Reading theologian Wayne Grudem’s article, “Why voting for Donald Trump is a morally good choice,” felt like watching a Jell-O throwing contest. For approximately 5,000 words, Grudem tosses handfuls of disparate arguments at a proverbial wall in an effort to make a conservative Christian case for Donald Trump.
I disagreed with many of his arguments, but I applaud Grudem for his chutzpah. It’s an admittedly difficult task for a pietistic evangelical to make a principled, Christian case for an arrogant, foul-mouthed, thrice-married, misogynistic businessman who made millions from the gambling industry, has bragged repeatedly about his sexual encounters, threatens to kill the families of his enemies, and once graced the cover of Playboy magazine.
His thesis is that “there is nothing morally wrong with voting for a flawed candidate if you think he will do more good for the nation than his opponent. In fact, it is the morally right thing to do.” But throughout the article, Grudem’s arguments clash with Grudem’s arguments. For example, he claims that Trump is merely a “flawed” person who “blurts out mistaken ideas (such as bombing the families of terrorists) that he later must abandon,” while Clinton is evil and voting for her is sinful:
This year we have an unusual opportunity to defeat Hillary Clinton and the pro-abortion, pro-gender-confusion, anti-religious liberty, tax-and-spend, big government liberalism that she champions. I believe that defeating that kind of liberalism would be a morally right action. Therefore I feel the force of the words of James: “Whoever knows the right thing to do and fails to do it, for him it is sin” (James 4:17).
When the article concluded, I found myself chewing on a different question than the one posed by the article. I wasn’t pondering whether Donald Trump was a “morally good choice.” I was left wondering which field Wayne Grudem thinks he is an expert in, exactly. Theology or public policy? From where I’m sitting, it’s difficult to tell.
Wayne Grudem wrote the book on systematic theology. Literally. His nearly 1300-page Systematic Theology: An Introduction to Biblical Doctrine is required reading among some conservative Protestants. Recently, however, the theologian decided to become a political scientist. In 2010, he published a political textbook that was a 624-page mishmash of theology, political theory, and public policy discussions.
The book was a junk drawer of political issues. It argued that “a school voucher system should be adopted by every school district” and why appointing “originalist” judges is today’s most important issue. Grudem argued detailed positions on private property, social security system, the internal revenue service, automobile CAFE standards, the CIA, the Fairness Doctrine, nuclear weapons, farm subsidies, liberal media bias, and “the best cure for recessions.”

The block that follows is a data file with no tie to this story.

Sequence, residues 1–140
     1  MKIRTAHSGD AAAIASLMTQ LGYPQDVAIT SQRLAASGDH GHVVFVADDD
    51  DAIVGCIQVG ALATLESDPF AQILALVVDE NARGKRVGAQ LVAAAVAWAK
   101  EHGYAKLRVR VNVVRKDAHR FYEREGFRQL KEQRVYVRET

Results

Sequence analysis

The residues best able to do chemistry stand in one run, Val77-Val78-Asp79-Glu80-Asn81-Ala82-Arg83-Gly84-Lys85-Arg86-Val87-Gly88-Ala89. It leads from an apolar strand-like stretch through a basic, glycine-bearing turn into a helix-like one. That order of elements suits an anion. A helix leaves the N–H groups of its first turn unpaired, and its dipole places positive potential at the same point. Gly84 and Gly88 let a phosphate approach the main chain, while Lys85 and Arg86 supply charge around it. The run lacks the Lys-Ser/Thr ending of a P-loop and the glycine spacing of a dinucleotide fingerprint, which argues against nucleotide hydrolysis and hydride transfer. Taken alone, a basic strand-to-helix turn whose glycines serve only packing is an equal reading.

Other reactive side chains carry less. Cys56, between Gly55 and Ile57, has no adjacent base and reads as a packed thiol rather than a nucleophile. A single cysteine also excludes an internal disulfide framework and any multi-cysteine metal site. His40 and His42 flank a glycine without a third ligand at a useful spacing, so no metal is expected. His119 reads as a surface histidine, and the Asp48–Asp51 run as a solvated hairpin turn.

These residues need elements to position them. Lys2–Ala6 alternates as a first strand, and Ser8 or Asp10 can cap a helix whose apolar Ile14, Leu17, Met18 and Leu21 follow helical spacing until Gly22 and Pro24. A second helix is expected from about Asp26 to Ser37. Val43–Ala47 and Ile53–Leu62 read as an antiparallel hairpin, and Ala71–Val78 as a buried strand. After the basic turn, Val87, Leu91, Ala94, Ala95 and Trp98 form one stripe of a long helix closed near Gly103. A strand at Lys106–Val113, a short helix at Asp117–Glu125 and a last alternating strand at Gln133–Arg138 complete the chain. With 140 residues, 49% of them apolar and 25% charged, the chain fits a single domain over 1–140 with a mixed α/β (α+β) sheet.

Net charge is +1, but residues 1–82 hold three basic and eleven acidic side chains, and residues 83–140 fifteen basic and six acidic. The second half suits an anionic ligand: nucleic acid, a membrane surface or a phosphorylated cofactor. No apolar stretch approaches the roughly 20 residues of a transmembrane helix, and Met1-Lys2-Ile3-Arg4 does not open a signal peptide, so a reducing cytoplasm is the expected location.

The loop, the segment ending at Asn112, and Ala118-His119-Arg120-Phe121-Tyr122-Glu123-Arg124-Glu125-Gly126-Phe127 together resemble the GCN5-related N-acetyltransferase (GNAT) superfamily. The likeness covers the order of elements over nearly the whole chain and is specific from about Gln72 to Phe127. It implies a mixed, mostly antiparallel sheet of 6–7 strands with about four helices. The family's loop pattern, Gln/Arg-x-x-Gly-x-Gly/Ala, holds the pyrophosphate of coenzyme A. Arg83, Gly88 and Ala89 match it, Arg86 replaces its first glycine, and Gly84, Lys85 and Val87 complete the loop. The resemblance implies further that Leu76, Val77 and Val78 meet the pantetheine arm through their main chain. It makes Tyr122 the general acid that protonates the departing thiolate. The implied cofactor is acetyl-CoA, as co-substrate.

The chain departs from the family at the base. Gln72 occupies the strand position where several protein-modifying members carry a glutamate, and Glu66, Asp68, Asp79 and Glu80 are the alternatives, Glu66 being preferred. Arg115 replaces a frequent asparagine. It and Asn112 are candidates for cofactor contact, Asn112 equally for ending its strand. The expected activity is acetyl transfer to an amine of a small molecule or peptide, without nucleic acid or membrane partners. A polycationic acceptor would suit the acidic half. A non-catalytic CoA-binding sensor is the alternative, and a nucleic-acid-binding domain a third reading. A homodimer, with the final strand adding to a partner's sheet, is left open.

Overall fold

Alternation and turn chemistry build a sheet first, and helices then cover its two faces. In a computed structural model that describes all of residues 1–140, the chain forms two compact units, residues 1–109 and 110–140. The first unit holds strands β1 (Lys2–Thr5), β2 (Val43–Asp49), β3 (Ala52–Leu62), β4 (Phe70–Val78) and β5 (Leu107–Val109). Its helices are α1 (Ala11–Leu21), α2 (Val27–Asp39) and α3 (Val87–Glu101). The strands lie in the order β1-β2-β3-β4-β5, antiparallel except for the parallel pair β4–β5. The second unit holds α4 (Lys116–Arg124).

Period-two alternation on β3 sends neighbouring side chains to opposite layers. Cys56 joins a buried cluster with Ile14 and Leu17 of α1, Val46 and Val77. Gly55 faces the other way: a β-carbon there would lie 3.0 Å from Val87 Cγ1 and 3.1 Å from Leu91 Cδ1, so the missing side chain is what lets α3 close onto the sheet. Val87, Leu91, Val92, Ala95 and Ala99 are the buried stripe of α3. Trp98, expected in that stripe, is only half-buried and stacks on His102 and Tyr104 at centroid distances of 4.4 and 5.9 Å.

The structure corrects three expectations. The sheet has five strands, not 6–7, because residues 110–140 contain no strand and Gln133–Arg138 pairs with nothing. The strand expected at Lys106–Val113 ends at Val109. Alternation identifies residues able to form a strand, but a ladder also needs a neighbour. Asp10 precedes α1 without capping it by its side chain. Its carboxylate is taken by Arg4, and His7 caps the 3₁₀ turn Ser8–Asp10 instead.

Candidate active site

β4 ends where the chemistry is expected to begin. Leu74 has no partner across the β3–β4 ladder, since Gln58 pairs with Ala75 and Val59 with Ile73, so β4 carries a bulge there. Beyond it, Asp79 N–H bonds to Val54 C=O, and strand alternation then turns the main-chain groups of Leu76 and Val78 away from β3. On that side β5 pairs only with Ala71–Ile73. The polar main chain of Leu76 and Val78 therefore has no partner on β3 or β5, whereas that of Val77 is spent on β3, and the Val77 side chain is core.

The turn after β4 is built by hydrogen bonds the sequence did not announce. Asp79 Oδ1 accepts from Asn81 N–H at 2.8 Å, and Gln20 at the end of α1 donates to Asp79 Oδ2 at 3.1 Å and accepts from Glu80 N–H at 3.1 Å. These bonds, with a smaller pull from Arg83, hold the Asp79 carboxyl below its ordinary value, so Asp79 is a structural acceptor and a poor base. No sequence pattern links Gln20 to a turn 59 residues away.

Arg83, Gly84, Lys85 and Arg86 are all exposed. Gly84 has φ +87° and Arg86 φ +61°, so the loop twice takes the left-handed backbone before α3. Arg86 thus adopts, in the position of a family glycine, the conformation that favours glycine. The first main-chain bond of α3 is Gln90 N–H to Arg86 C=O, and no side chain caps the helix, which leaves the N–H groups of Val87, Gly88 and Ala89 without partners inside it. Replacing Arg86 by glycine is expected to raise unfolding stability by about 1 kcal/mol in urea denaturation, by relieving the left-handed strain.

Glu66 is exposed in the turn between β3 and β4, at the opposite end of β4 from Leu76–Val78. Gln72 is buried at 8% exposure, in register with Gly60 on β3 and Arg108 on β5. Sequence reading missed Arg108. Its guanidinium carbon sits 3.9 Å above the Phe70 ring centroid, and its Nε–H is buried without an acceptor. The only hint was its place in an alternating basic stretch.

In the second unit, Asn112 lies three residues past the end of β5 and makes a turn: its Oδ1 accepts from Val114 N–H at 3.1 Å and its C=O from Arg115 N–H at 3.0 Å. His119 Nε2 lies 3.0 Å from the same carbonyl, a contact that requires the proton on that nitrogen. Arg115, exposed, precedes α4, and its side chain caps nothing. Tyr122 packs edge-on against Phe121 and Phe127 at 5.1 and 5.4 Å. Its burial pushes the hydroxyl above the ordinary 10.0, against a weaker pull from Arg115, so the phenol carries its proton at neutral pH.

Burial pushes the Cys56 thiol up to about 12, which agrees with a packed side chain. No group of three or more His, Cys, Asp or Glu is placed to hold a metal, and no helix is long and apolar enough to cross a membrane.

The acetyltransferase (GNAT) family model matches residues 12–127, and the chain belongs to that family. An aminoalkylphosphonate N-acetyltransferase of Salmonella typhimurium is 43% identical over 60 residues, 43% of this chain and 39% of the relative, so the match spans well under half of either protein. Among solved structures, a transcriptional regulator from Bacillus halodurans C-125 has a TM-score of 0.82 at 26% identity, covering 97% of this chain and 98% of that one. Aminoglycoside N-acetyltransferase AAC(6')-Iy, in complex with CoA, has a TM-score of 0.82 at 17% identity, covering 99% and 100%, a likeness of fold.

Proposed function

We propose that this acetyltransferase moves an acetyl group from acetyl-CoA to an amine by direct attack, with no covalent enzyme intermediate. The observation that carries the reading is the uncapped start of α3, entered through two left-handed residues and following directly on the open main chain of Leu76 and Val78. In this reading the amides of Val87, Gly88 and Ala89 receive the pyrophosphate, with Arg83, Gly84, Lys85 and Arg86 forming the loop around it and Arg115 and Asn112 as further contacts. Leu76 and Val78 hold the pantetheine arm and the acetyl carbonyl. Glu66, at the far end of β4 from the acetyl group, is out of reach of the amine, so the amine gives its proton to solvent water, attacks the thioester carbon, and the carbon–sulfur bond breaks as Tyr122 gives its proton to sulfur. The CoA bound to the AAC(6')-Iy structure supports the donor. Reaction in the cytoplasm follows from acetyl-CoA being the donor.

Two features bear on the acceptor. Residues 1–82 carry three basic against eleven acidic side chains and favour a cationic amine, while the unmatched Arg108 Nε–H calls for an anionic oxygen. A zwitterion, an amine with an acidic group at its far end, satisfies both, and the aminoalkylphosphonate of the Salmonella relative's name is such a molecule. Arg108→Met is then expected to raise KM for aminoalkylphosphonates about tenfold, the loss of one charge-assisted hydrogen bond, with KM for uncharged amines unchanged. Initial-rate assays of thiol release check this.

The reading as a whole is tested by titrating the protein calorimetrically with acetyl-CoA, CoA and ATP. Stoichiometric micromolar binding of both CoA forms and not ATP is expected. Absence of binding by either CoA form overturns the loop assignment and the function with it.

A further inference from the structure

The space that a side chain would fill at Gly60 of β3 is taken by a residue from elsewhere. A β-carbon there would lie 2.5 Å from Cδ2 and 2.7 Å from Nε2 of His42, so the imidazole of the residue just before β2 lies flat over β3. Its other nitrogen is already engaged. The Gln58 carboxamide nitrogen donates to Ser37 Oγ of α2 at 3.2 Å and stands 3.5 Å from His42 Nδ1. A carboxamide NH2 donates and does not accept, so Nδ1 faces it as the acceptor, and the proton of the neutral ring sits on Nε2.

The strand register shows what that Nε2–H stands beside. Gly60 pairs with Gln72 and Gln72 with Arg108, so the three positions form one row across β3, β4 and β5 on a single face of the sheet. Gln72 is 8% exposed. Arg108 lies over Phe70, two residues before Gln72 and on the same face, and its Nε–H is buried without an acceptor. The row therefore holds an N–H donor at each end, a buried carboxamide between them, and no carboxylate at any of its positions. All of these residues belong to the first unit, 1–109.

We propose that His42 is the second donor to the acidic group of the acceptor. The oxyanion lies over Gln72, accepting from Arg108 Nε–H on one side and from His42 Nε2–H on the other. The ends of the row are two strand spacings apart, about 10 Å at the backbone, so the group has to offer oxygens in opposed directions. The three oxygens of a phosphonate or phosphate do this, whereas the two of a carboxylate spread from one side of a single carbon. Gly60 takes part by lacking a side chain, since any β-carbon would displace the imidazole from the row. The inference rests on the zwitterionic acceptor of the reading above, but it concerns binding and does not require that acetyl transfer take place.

It was a stunning picture of an expert in a specific field who, on a dime, decided he was an expert in another field. Can one be an authority on how salvation works and how social security works? Can one be a thought leader on the Trinity and the United Nations, on modern gun control and ancient Greek? It’s possible, I suppose, but unlikely.
This kind of behavior, I have noticed, is particularly endemic among conservative Christians. If you’re a pastor or theologian, evangelicals seem to believe you’re somehow qualified to do almost anything. In this world, a pastor can become the principal of a private school (with no background in education). They become an editor at a book publisher (with no background in writing). They can even run a multimillion-dollar financial investment company (with no formal education or experience in finance).
I once debated a Christian leader at a university in South Carolina. In his opening remarks, he argued detailed positions on economics, politics, theology (including the proper interpretation of certain Greek and Hebrew words), and science. I decided to skip my opening remarks and ask a question instead: “You’ve presented yourself as an expert in at least four distinct fields. For the sake of our conversation, can you please tell us exactly which field you’re an expert in?” My opponent laughed me off, but the question was quite serious.
There is nothing wrong, of course, with a theologian or pastor or automobile mechanic or anyone else offering their opinion on a political issue or candidate. No one is restricted to speaking about a single topic or field of topics. And it’s important to have interdisciplinary conversations. But Grudem’s article makes no space for uncertainty, no room for dissent, and uses definitive, dogmatic language.
There is a difference in arguing one’s opinion for consideration and setting up oneself as an authority. There is a difference in presenting one’s thoughts on a matter and penning sprawling textbooks on the topic. There is a difference in defending what one believes to be true and stamping “thus saith the Lord” on whatever conclusions you’ve drawn and labeling dissenters as sinners.
So I think there is a lesson here for all of us, whether you’re a theologian like Wayne Grudem or a religion columnist like me. We must all work hard to infuse our work and words with integrity. We need to admit when there’s ambiguity. We need to resist the temptation to speak authoritatively on every detail of every matter. After all, the person who attempts to become an expert in everything often ends up an expert in nothing at all.